He made an observation, and he made the same observation that a Supreme Court judge in British Columbia had made in St. Pierre, that generally, generally, speed in dangerous driving cases where there’s a conviction is in conjunction with other factors, other circumstances.

That is a reasonable statement of the law.

It’s a statement, in essence, the same as what was said in Richards.

Justice Brown (00:04:24): And is that what he applied?

Is that a rule that he actually applied?

Because those other circumstances surely have to be viewed from the standpoint of a reasonable person.

That’s the test.

That’s a test that he cites.

But does he actually apply it?

Speaker 1 (00:04:44): In my respect for submission at the end of the day he concluded that in applying the test in Roy which he accurately set out, he was not satisfied beyond a reasonable doubt in the circumstances of this case that the momentary excessive speeding amounted to dangerous driving.

There’s no suggestion that he improperly applied the principles of law that have been enunciated in this court.

There’s no suggestion.

Justice Rowe (00:05:16): But isn’t that exactly what was said, that he improperly applied the principles by taking the general statement of the law and beating and distorting it by handcuffing himself in dealing with this excessive speed, this frankly almost maniacal speed in the middle of a city.

Speaker 1 (00:05:37): Well with great respect, I don’t see how he handcuffed himself by saying generally other factors are in evidence when the speed alone.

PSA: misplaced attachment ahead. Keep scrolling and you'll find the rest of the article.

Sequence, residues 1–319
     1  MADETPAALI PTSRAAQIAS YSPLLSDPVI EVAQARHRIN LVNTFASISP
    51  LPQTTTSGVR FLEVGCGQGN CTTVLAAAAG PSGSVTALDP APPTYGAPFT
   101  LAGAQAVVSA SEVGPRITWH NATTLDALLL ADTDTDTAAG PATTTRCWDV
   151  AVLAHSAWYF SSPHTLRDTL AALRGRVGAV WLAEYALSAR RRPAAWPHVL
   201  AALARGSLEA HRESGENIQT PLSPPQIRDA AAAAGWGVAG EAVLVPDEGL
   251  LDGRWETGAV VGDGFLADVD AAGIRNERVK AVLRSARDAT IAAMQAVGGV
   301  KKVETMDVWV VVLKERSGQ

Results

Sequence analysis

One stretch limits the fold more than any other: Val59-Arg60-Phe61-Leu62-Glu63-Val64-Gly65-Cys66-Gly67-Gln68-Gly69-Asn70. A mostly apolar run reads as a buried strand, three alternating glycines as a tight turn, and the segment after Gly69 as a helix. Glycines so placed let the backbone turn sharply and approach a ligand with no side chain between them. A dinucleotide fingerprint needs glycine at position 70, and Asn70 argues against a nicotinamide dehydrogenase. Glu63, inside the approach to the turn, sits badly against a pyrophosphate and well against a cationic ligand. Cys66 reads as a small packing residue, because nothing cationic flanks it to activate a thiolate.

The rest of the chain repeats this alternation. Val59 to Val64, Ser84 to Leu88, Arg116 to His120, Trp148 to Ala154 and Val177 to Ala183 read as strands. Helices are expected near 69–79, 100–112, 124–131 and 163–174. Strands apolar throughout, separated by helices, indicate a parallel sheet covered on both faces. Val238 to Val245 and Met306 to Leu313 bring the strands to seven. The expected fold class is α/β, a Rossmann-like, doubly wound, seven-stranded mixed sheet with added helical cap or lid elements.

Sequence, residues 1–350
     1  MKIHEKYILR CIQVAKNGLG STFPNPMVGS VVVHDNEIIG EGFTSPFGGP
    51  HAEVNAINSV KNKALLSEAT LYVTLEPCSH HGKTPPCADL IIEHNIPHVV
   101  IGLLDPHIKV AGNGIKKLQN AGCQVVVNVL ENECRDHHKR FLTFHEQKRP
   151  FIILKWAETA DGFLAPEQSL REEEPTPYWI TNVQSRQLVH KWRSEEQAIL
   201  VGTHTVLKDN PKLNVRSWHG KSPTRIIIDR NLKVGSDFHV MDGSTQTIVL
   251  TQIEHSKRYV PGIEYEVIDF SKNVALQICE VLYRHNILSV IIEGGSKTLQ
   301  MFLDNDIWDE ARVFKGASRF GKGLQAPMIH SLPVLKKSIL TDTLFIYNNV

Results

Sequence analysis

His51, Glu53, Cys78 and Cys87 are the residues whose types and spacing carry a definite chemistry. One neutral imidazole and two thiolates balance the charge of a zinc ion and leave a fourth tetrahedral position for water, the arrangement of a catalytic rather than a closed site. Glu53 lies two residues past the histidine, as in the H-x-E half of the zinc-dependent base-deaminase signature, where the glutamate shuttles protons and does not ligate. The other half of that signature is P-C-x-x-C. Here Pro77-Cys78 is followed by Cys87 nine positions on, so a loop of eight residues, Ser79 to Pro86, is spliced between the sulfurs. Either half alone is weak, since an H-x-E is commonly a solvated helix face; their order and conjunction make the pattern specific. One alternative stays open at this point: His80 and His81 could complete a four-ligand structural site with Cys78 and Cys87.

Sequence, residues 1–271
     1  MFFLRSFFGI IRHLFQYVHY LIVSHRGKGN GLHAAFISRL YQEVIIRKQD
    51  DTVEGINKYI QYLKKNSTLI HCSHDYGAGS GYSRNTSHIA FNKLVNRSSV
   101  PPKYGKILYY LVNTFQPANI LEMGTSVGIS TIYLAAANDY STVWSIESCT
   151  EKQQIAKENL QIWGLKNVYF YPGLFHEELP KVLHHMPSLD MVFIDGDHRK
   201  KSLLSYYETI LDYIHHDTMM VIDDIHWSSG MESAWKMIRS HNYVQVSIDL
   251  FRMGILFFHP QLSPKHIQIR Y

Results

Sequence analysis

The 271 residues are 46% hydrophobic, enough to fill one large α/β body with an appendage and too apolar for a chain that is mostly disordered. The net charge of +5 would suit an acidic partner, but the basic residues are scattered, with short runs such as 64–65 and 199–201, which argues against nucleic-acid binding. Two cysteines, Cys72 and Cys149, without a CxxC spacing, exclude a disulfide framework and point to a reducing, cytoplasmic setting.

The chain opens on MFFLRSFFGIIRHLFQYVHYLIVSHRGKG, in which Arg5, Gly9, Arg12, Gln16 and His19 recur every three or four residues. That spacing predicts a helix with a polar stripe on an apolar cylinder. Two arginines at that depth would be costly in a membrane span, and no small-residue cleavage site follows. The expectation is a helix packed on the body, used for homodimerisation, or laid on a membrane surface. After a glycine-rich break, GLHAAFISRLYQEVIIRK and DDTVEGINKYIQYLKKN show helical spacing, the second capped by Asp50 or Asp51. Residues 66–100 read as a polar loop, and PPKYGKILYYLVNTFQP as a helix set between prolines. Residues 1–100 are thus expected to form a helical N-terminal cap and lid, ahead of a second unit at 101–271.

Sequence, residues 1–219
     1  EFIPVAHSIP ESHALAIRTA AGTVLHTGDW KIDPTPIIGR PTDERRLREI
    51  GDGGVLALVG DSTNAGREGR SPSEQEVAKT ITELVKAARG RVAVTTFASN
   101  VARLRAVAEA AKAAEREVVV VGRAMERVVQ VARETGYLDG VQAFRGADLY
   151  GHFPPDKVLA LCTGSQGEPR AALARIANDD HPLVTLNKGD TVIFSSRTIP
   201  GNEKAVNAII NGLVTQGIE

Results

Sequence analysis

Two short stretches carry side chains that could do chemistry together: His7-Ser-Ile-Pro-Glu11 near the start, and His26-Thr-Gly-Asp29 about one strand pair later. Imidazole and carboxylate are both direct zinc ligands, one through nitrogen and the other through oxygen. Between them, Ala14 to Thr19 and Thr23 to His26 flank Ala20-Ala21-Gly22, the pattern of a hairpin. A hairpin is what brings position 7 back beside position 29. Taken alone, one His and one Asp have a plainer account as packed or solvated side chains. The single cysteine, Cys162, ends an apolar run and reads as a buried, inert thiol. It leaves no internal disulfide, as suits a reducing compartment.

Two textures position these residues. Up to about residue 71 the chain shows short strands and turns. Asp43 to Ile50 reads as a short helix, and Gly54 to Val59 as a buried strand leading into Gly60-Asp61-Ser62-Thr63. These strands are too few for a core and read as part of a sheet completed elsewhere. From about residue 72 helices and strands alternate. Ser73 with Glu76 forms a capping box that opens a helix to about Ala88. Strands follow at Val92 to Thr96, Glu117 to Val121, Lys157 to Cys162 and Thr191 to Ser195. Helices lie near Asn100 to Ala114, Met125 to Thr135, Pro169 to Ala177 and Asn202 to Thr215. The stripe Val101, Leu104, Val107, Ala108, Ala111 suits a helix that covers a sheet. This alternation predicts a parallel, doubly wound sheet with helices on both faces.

You can’t say as a principle of law.

Justice Rowe (00:05:50): He said generally, but then he applied it in a manner that was effectively categorical.

Guess what he did, is it not?

Speaker 1 (00:06:02): I don’t believe that’s what he did.

I believe that he analyzed all of the facts that were carefully laid out before him, he carefully listened to the crown, he carefully considered all of the issues that the crown had raised about inattentiveness and at the end of the day he was not satisfied beyond a reasonable doubt.

Justice Kasirer (00:06:23): Mr. Fowler, could I take you to paragraph 120, just to follow up on my… Of the reasons for judgment?

The reasons for judgment.

Sorry, 117 and then 120.

I’m wondering about what meaning you attribute, we’ve spoken of generally, what meaning you ascribe to critically.

Critically, I find that the excessive speed was momentary, mere seconds in duration.

Well, why is that?

Speaker 1 (00:06:54): critical?

Well, because I think my respectful submission, the test of dangerous driving is becoming aware of the risk and mitigating it.

And it’s clear on the evidence that his excessive speed could only have been momentary.